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BWW Review: ADELAIDE GUITAR FESTIVAL 2016: GUITAR FESTIVAL SYMPHONY GALA Was A Concert-Goers Dream

Reviewed by Barry Lenny, Saturday 13th August 2016

The Guitar Festival Symphony Gala featured the sensational Adelaide Symphony Orchestra, once more demonstrating the versatility and excellence of this group of musicians. For this concert they were conducted by one of the best conductor's around, Benjamin Northey. To begin the concert four superb soloists, Karin Schaupp, Aleksandr Tsiboulski, Leonard Grigoryan, and Ken Murray, combined to perform Joaquín Rodrigo's Concierto Andaluz. This lively tribute to Andalusia conjures visions of so many aspects of Spain, such as the Flamenco, castanets, bullfights, the sunny summers, the cantinas, and the colourful festivals. In the hands of four such skilled and talented guitarists, backed by the stunning sounds of this orchestra, the work was filled with life and drew great applause.

Cuban composer, Leo Brouwer's Austral for guitar and chamber orchestra, inspired by all that is Australian was given its world premiere by Ricardo Gallén. This, and the final work of the evening, Andrew Ford's Raga, were both commissioned by Kim Williams, in partnership with the Adelaide Symphony Orchestra and the Adelaide Guitar Festival, and what a good thing that was for the audience and the musicians, to have two new works in the one concert. Brouwer's work is complex and, at times, fragmentary, ideas suddenly changing, making it playable only by greatly skilled guitarists and, of course, Gallén is just that. He brings out all of the subtleties of some passages, as well as the explosiveness of others as though it were an easy matter, which it surely is not. It is always a thrill to hear new works played by masters of their instruments.

Maurice Ravel's Mother Goose (Ma mère l'oye) in the orchestral version of his suite, originally composed for piano, four hands, is always popular with audiences and the Adelaide Symphony Orchestra more than did it justice. From the delicate opening notes of the first movement, Pavane de la belle au bois dormant (Pavane of Sleeping Beauty), the audience was captivated as it ebbed and flowed before the lively second movement, Petit Poucet (Little Tom Thumb/Hop o' My Thumb),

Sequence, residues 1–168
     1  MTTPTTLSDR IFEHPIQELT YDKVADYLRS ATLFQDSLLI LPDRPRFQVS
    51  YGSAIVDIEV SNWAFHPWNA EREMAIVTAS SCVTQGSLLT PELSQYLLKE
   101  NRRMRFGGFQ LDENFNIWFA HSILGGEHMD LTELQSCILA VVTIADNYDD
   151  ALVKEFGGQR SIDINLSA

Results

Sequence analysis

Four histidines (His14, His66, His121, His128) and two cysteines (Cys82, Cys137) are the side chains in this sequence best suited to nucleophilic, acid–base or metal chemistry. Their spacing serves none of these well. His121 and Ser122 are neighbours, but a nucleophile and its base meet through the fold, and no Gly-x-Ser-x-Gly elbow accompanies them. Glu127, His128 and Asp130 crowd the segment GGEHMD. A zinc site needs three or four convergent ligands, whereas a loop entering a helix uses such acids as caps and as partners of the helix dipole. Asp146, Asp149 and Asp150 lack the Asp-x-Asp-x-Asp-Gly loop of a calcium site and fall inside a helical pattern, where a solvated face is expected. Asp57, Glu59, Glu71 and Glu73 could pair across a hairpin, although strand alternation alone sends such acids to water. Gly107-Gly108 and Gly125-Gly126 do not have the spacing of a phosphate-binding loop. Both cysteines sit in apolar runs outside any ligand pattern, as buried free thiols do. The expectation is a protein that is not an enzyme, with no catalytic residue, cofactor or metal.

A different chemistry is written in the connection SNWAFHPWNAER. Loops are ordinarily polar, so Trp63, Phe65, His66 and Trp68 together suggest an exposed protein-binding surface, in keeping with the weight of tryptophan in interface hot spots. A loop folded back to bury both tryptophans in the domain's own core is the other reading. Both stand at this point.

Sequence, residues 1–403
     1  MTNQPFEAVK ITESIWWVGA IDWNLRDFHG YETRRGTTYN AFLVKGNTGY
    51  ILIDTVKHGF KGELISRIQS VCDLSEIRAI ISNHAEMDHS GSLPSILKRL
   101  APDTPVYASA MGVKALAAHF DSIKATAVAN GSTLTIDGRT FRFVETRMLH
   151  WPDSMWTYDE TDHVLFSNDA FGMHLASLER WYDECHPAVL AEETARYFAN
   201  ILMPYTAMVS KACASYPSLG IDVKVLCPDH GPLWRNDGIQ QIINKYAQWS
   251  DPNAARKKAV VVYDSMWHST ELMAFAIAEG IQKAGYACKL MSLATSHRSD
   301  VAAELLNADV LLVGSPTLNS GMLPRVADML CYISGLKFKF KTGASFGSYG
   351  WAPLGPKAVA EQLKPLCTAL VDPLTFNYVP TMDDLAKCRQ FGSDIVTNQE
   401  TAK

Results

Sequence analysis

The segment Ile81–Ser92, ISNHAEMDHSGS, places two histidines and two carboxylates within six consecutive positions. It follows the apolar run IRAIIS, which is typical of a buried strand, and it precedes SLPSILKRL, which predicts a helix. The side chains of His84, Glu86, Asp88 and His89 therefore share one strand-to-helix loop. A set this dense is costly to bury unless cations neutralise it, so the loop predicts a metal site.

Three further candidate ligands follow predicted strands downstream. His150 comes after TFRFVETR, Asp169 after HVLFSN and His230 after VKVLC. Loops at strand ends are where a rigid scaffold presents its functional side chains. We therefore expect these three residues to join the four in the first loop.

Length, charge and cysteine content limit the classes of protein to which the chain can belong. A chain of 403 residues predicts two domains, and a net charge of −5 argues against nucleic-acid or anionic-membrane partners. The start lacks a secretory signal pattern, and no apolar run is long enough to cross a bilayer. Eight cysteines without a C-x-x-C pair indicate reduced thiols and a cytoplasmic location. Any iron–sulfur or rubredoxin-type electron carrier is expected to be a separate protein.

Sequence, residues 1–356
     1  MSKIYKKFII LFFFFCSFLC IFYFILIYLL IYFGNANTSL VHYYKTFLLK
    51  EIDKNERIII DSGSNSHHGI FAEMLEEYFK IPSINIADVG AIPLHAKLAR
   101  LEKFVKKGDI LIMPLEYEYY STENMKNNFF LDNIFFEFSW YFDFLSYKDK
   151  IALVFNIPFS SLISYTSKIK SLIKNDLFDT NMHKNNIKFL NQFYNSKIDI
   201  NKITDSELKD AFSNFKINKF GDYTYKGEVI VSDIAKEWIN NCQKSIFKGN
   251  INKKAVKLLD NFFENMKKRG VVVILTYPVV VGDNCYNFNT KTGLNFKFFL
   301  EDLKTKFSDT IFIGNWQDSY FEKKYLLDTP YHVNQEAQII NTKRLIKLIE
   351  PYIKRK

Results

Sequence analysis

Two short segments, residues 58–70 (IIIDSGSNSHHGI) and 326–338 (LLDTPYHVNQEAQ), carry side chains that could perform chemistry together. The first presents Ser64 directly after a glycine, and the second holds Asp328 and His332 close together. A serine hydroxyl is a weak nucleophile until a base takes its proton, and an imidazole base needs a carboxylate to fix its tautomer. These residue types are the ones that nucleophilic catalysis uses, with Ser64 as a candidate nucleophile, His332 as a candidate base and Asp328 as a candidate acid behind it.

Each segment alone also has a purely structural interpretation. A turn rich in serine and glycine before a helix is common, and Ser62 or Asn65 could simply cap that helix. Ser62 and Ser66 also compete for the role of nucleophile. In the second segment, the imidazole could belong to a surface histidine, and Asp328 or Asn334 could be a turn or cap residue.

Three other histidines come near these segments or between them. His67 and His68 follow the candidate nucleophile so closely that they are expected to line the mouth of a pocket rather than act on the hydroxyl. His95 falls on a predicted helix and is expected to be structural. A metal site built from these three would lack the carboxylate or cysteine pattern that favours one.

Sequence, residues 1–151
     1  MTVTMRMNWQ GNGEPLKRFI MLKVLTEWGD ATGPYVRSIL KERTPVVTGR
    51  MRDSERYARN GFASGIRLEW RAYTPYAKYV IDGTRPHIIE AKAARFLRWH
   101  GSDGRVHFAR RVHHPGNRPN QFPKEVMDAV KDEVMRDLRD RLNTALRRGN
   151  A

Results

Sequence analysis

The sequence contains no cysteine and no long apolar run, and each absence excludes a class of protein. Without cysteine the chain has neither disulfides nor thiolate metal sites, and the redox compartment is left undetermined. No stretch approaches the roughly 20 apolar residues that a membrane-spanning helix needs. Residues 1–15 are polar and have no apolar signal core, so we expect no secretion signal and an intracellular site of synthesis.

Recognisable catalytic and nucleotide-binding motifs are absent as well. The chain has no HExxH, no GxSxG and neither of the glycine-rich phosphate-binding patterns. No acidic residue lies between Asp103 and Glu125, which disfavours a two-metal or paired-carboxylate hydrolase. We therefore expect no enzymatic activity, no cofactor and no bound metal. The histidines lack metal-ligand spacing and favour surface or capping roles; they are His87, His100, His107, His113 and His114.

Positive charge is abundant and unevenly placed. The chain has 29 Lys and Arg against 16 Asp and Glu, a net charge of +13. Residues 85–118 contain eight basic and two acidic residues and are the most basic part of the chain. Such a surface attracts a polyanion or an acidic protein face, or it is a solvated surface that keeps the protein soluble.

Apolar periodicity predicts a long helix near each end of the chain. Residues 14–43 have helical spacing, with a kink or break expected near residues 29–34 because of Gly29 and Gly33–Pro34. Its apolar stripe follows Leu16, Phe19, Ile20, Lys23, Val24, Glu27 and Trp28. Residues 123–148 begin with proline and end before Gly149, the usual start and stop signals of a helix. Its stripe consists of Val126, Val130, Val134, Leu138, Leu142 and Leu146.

The excitement of the Oriental influences and percussion in the third movement, Laideronnette, impératrice des pagodas (Little Ugly Girl, Empress of the Pagodas), gave way to the dark overtones of the opening of the fourth, Les entretiens de la belle et de la bête (Conversation of Beauty and the Beast), as the two beging to understand one another, all beautifully declared in the subtlety of the Orchestra under Benjamin Northey's sensitive conducting.

It was all over too soon, with a truly atmospheric interpretation of the final movement, Le jardin féerique (The Fairy Garden), leaving us grateful that we have such a magnificent orchestra that can be called upon to play anything from Wagner's Der Ring Des Nibelungen (twice in Adelaide) and Philip Glass's trilogy of Einstein on the Beach, Akhnaten, and Satyagraha, and all of the performances of the State Opera of South Australia, through to pop music, to jazz, to brand new compositions, and the entire orchestral repertoire, as well as festivals such as this.

Electric guitarist, Zane Banks, had the opportunity to present the world premiere of Andrew Ford's concerto, Raga, a unique blend of rock and traditional Indian music. The claim that it was a mix of Ravi Shankar and Jerry Garcia was a little hard to entirely agree with, and it didn't always quite come together, but the orchestra and soloist, with the added kit drums, were not going to be beaten and turned in a very creditable performance of this work that, perhaps, tried to be too many things at once.

Overall, this was a wonderful evening of great music performed by some of the best in the business, and the audience showed its appreciation in no uncertain terms.


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